In installment 2 of Microsoft's avant-garde repositioning extravaganza, Bill Gates and Jerry Seinfeld try the simple life.
Imagine it: two rich dudes, bunking in with a family straight out of Little Miss Sunshine. It's almost like when Paris Hilton and Nicole Richie lived on a farm, except more weird than entertaining.
But maybe I'm just reacting to the malicious geriatric.
Wendy's joins the amateur video club with "Crazy Lettuce." By now you know the score: two guys are involved. One can never hold the camera straight. At the very last second some zany shit happens.
In this case, a bushy head of lettuce consumes a wee little Wendy's burger. Link to meatatariansunite, a nightmare of poor wallpaper that does nothing but hurt eyes and demand emails.
If this is the one trick to succeeding in so-called "viral marketing," the medium ought to die fast and painfully. Unfortunately for Wendy's, the eyes-deceive-thee! gimmick that served Levi's, Ray Ban and Nike so well is all used up. People finally get the joke: these amazing feats in online video? They never happened. Know what else? They're ADS.
"Crazy Lettuce" has drawn less than 1100 views on YouTube, a mediocre rating (2 stars) and mixed response (of which there are 12).
Divinity Metrics, which sounds like some sort of religious cult but is really a new video platform, analysis and research company, has put together an overview of the online video activity of Omaba and McCain. Unsurprisingly, Obama tops most metrics. Divinity plans to dig into the candidates' online video activity right up until election day. Their most recent analysis is here.
Engaging. Interactive. Immersive. Yup, they're overused buzzwords but they do a pretty good job describing this new Woo Agency-created work for Indamixx's and Samsung's DJ Fantasy, an example of the computer maker's vertical market applications for its mobile computer Q1 Ultra. The Q1 Ultra is a very cool looking portable computer which celebrity DJ Cut Chemist is endorsing.
There's not much to say about this Max Beer faux commercial other than the fact than it'd it'd never air anywhere. Night Ranger? Sister Christian? Huh? Not a bad song but WTF for a commercial?
Oh who doesn't love a 12 year old kid to puts a few stuffy MBAs on their guard during the interview process while getting to the heart of what consulting is really about: using a lot of fancy buzzwords to increase intelligence quotient thereby dumbing down the consultee to the level of a 12 year old? Perfect, right?
It seems that's what Deloitte is out for in this faux interview, promotional video for its Born2Consult site on which those wishing to explore the company can, perhaps, relive themselves of pre-interview jitters provided by the humor in this promotion.
Hey, kids put Monster.com on the map fairly well. Maybe kids can remove a bit of the stufiness associated with a big consulting firm.
Still others can be used as weapons for the defenseless. That's the impression we got from this ad by Amnesty International, which is admittedly about a year old and maybe 1:30 too long. The animation and the idea are good though, and I like the sound of the scribble over the music.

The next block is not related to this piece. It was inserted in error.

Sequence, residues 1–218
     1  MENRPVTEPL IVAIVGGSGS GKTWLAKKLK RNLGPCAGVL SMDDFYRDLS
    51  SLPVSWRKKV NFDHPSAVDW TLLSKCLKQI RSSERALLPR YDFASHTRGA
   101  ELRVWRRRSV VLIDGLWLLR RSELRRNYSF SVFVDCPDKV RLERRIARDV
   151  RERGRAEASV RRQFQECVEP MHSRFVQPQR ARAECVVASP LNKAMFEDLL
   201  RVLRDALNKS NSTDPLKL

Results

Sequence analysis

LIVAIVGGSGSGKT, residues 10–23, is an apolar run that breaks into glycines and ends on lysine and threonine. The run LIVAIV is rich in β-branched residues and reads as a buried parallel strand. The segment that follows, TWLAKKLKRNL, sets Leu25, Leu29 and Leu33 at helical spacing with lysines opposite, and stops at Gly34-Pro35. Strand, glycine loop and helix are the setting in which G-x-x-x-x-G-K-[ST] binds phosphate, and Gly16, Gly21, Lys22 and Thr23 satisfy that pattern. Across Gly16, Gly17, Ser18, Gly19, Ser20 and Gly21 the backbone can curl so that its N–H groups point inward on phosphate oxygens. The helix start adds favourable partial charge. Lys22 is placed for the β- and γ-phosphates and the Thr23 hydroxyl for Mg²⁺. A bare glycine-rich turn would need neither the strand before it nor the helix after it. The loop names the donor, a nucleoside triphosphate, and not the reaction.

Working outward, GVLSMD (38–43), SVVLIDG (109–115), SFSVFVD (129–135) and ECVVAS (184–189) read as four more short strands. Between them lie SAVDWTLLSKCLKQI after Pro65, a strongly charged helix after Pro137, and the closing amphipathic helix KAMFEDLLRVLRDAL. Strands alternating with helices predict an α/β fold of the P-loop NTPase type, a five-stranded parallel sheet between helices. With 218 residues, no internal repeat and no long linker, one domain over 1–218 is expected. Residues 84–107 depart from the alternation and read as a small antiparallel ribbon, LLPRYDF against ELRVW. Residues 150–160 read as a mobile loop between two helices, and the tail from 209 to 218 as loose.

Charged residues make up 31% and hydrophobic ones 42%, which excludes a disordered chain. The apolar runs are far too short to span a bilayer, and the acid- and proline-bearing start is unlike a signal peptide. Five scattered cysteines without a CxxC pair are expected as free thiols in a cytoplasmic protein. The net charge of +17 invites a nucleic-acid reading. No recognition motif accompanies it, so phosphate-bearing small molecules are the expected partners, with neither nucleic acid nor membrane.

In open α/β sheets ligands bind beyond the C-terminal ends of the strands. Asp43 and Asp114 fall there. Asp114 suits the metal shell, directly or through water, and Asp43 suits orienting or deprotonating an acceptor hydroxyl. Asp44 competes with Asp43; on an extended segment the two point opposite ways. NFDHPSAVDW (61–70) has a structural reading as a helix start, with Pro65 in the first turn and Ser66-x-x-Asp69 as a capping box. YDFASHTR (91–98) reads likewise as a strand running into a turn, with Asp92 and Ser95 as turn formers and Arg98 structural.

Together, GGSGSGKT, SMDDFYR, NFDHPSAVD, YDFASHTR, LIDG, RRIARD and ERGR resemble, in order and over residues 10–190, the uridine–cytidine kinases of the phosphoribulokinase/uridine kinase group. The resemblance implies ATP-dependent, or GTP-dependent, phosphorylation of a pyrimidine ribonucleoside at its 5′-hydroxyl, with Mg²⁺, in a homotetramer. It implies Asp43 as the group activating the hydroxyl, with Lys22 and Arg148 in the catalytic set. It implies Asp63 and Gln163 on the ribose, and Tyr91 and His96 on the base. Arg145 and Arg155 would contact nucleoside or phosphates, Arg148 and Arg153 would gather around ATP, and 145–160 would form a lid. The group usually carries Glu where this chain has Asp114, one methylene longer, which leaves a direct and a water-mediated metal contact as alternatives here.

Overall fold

This Nokia campaign, where a Personal Navigator leads the lost to their final destinations, probably wasn't meant to encourage emo-stricken weirdos to trust friendly strangers. But from here on out, if I ever want to kidnap a giant chicken in dire straits, I'll probably pull on a "Personal Navigator" shirt and try taking it by the hand.
Also see bickering pirates locate misplaced X, a lost alien get alienated, two goths find love, and -- my favourite -- Pacman outrunning the ghosts, which also have a Personal Navigator.
The campaign was seeded across the 'net by Unruly Media. Its happy task is to endear the Nokia N78 -- featuring maps! -- to the navigationally-challenged. The music gave each piece a Chaplinesque feel, which made things seem that much sadder when it all went horribly wrong.
So if you're one of those types who can't be bothered with the elitism, skill, finesse and general snottiness of tennis, you just might love this promotional spot for the WWE's Unforgiven pay-per-view event. In the spot, the WWE's Undertaker, acting as referee, shuts down Andy Roddick for complaining about one of the Undertaker's calls. And really, a sport that's totally fake, is played by idiotic buffoons and would make a space alien think twice about making contact with the human race is so much better than a namby pamby sport like tennis, right?
"Another box of Kleenex, one more forest gooooone!" That's part of Greenpeace's freaky new campaign song, inspired by the motion picture Wall*E. The group reimagined the doe-eyed, trash-smushing robot as the descendant of eco-antagonist Kleer*E, which -- in their words -- "gobbles up forests and spits out boxes of Kleenex."
Political cartoonist Mark Fiore produced the vid, available here. What was cute is now sinister, all part and parcel of Greenpeace's ongoing Kleercut campaign -- an effort to litter Kleenex's family-friendly brand persona with tree carcasses, wood splinters and warped, nightmarish jingles.
"Tell Kimberly-Clark to stop the Iron*E!" puns Greenpeace shamelessly. Once the goosebumps go down, though, I have to admit it's all very charming in a twisted sort of way.